Pork Cutout High, Near Normal

The pork cutout value certainly is high, and it’s up in spite of high production, but the cutout is not out of line with historical averages.

As of the last week in June, the cutout was not quite up to the 2011-2015 average, even though production continued to run above last year and the 2011-2015 average.

Data from the USDA’s Agricultural Marketing Service that was compiled by the Livestock Marketing Information Center show the average pork cutout at $102.49 per cwt, compared with the five-year average of $103.92.  This is short of the average by $1.43, or 1.40%.

If the average trend is to be followed, it will turn down for two weeks and then climb to the annual high in the second week of August, although last year, the annual high came in the second week of July at $89.85.




The pork cutout is up despite this year’s higher production level.  Weekly pork production continues to decline seasonally, but remains above last year and the previous five-year average.

Preliminary projections put June’s Federally Inspected hog slaughter up 260,000 head, or 3.08%, from a year ago’s 8.455 million, at 8.715 million.  This is record-large for the month, said the LMIC’s Livestock Monitor.  The 2011-2015 average for June is 7.934 million head, putting this year’s preliminary production up 781,000, or 9.84%.

June’s pork production was kept in check by average hog carcass weights that were lighter than a year ago by about two pounds over the course of the month.

For the April-June quarter, the LMIC estimated US pork production increased about 3% from last year.




Importantly, that production increase did not need to be consumed entirely in the US domestic market because of robust exports, the LMIC said.  In fact, calculated per capita disappearance for the second quarter was below 2016 by nearly 1%.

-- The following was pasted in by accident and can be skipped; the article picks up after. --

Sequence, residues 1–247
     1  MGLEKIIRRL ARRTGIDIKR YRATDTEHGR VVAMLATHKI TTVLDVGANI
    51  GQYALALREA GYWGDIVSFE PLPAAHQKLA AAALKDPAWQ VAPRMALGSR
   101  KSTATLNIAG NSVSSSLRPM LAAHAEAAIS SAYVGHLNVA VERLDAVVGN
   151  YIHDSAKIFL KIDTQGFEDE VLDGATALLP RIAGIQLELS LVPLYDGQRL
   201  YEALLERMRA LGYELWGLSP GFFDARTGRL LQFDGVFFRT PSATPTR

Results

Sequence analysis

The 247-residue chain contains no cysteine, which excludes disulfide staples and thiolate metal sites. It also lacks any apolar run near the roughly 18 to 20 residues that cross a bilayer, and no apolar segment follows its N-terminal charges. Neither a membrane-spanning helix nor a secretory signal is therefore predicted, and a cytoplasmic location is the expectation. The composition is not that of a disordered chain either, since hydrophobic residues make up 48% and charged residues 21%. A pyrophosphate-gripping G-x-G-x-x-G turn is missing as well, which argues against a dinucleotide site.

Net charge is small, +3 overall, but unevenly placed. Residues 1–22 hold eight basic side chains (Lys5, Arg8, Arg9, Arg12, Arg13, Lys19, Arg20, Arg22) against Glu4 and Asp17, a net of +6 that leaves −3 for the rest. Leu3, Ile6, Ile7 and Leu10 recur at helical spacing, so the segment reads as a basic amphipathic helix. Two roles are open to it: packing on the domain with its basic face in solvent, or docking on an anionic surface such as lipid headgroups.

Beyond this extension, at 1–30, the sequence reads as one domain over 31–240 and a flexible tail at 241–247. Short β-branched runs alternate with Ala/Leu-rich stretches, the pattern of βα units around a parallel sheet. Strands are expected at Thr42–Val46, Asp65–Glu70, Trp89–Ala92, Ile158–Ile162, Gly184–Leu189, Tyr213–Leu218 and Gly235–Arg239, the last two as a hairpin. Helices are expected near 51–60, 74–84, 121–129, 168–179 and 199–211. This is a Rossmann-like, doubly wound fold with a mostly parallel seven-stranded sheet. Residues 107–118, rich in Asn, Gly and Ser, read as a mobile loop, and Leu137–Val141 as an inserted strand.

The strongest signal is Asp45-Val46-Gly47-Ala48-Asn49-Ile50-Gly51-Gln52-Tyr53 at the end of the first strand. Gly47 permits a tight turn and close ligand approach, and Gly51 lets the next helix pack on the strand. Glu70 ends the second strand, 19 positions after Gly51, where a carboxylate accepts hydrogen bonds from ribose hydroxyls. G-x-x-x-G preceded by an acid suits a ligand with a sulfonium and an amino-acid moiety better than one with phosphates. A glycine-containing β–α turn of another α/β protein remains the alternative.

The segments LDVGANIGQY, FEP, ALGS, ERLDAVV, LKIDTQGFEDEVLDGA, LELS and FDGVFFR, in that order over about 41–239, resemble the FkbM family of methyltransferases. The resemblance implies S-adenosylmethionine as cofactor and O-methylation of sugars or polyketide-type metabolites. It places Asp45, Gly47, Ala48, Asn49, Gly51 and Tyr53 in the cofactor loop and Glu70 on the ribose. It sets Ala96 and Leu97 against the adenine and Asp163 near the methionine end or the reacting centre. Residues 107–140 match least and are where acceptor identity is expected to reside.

Weekly slaughter hog prices rallied strongly in May and June, and for the first time since the end of March, climbed above a year ago in the second week of June when they reached $82.38 per cwt.  Prices remained above a year ago for the last three weeks of the month.

The latest Hogs and Pigs report provided some insights in terms of coming pork production, the LMIC said.  Based on the report, US pork production will continue to post year-over-year increases for at least the next several quarters.

The report put the total herd at 7.65 million head, versus the average of pre-report estimates at 7.50 million.  Animals kept for breeding was up 1.5%, and market hogs rose 3.6% to 65.58 million.




Fed cattle sales on the livestock exchange video auction last Wednesday were very limited.  Two sets of heifers, totaling 320 head, sold in Kansas at $119 and $119.25 per cwt, with an average of $119.52.  This was down $3.48 from the previous week’s average of $123.00.  One group of Nebraska cattle sold at $120.

Cash cattle traded last week at $118 to $120 per cwt, mostly $119, down $3 to $4 from the previous week.  On a dressed basis, cattle traded at $189 to $190, down $6.

The USDA’s choice cutout Monday was down $1.84 per cwt at $222.89, while select was off $0.97 at $207.45.  The choice/select spread narrowed to $15.44 from $16.31 with 105 loads of fabricated product sold into the spot market.

The CME Feeder Cattle index for the seven days ended Friday was $147.99 per cwt, down $1.24.  This compares with Monday’s Aug settlement at $146.10, up $1.82.